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Left Lateral Exposure of Brain, Infratemporal Fossa, and Neck

Surgical Correlation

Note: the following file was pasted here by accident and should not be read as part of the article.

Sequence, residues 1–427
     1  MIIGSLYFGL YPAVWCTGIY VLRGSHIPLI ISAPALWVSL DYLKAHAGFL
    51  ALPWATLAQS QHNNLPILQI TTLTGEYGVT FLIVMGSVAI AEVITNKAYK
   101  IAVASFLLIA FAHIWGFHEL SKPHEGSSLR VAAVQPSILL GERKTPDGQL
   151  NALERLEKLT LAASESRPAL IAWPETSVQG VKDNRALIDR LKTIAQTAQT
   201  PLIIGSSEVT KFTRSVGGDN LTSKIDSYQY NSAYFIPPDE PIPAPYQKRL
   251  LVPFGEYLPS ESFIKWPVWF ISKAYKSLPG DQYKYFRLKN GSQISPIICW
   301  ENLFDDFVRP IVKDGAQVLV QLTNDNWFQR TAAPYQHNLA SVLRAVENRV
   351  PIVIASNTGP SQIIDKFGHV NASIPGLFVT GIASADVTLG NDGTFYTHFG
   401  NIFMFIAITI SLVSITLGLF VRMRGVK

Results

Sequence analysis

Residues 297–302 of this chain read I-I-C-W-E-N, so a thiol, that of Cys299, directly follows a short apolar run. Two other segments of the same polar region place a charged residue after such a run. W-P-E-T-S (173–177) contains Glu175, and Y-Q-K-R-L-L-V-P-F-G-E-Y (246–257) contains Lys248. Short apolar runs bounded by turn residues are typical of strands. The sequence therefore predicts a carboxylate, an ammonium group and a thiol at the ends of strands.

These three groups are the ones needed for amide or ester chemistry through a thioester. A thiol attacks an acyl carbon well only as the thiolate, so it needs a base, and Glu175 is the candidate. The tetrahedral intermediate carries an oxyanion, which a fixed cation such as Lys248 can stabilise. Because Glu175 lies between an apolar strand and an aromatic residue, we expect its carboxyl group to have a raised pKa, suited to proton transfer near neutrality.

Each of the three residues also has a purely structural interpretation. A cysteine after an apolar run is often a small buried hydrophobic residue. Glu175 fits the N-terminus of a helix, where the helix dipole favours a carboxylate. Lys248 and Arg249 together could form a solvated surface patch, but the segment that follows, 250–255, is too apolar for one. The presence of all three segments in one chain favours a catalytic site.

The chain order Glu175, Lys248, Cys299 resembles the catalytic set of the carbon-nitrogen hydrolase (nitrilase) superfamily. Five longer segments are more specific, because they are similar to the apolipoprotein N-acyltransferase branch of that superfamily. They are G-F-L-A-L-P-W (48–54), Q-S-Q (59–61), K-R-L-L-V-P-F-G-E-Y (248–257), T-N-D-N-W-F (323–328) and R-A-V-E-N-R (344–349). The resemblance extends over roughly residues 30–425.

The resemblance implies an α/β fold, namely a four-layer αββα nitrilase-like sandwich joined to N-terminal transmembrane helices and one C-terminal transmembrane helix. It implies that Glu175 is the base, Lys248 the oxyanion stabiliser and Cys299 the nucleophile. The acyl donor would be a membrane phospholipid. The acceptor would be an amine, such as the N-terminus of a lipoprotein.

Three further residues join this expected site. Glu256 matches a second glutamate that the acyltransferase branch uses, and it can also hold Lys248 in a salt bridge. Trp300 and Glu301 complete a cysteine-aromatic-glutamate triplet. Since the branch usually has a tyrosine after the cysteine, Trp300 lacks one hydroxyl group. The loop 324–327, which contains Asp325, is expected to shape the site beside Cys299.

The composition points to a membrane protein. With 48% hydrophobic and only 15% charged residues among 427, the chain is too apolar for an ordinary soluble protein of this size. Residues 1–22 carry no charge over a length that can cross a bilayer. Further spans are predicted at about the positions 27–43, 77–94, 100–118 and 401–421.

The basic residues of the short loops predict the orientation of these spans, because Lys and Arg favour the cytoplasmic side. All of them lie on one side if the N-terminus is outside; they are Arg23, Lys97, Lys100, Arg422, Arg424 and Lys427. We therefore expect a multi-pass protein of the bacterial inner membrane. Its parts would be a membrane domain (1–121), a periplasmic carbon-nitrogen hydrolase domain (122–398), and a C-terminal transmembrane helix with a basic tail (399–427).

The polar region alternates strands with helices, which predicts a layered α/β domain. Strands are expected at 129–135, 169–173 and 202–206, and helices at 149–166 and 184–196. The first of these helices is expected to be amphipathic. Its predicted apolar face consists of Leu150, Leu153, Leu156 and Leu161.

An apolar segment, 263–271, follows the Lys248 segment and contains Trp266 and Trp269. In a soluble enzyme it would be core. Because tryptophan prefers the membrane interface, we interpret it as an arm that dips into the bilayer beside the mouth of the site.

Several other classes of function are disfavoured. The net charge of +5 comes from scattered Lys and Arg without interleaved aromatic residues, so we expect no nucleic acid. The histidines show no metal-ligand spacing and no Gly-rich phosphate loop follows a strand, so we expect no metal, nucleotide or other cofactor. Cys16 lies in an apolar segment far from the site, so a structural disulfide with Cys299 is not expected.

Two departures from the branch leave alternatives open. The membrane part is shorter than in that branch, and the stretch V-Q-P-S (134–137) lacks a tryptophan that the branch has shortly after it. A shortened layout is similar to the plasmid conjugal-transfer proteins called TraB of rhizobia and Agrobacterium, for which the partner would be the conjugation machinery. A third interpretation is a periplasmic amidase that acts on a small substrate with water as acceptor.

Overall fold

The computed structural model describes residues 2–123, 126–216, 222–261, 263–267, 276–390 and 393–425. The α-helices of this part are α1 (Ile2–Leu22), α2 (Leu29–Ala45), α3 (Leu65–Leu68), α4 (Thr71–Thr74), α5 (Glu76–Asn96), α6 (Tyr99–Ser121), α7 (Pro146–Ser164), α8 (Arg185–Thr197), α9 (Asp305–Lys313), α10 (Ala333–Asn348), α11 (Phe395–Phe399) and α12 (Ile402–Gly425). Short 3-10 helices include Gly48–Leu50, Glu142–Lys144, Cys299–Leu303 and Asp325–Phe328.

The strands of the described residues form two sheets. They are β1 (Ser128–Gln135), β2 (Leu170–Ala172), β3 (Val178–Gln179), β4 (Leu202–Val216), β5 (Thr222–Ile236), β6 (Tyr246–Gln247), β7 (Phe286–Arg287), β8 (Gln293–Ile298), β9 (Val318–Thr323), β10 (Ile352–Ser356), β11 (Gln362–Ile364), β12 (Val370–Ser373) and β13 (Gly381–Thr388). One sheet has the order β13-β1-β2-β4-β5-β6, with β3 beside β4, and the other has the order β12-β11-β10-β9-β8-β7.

Left lateral exposure of brain, infratemporal fossa, and neck. The mandibular ramus, zygomatic arch, and portion of lateral skull and dura mater and arachnoid layers of the meninges have been removed to expose the brain. The tentorium cerebelli (not labeled) separates the cerebrum from the cerebellum. A portion of the superior petrosal vein is in view. It drains the anterior and lateral surfaces of the brainstem and parts of suboccipital and tentorial surfaces of the brain and empties into the superior petrosal sinus. In the infratemporal fossa the lateral pterygoid and medial pterygoid muscles have been removed. The maxillary artery, one of the terminal branches of the external carotid artery, traverses this space giving rise to several branches, such as those shown here: inferior alveolar, middle meningeal, anterior deep temporal, posterior superior alveolar, and infraorbital arteries. The sphenopalatine artery continues through the pterygomaxillary fissure into the pterygopalatine fossa. The buccal and auriculotemporal branches of the mandibular nerve can also be seen as well as the inferior alveolar and lingual nerves that normally descend on the medial pterygoid to the mandibular canal and floor of the mouth, respectively. The inferior alveolar nerve gives rise to the mylohyoid nerve, motor to the mylohyoid and anterior digastric muscles. In the lateral neck, the cervical segment of the internal carotid artery continues as the petrous segment once it enters the carotid canal. The internal jugular vein emerges from the nearby jugular foramen and descends in the neck. Coursing on the external surface of the ICA is the carotid sympathetic nerve plexus carrying postganglionic sympathetic fibers. The hypoglossal nerve emerges between the IJV and proximal part of the ECA and courses forward superficial to the hyoglossus muscle on its way to the oral cavity and tongue. The superior root of the ansa cervicalis (containing C1 nerve fibers) leaves the epineurial sheath of the hypoglossal and descends in the neck where it unites with the inferior root to supply motor innervation to most of the infrahyoid muscles. Deep neck musculature has been removed to show portions of the suboccipital muscles: obliquus capitis inferior and superior muscles, which have common attachments to the transverse process of the atlas vertebra, and the rectus capitis posterior major. Part of the vertebral artery is exposed prior to entering the transverse foramen of the atlas. It is crossed superficially by the ventral ramus of the C2 spinal nerve. The greater occipital nerve (dorsal ramus of C2) is seen emerging from the lower border of the obliquus capitis inferior muscle. The superior thyroid artery descends posterior and then deep to the thyrohyoid muscle to the upper border of the thyroid gland. It typically gives rise to a smaller superior laryngeal artery that passes through the thyrohyoid membrane in company with the internal laryngeal nerve to supply the upper interior of the larynx. The facial artery courses superficial to the hyoglossus and on the deep surface of the submandibular gland (not present) before emerging onto the face. The ECA terminates as the superficial temporal and maxillary arteries near the neck of the mandible. (Image courtesy of PA Rubino)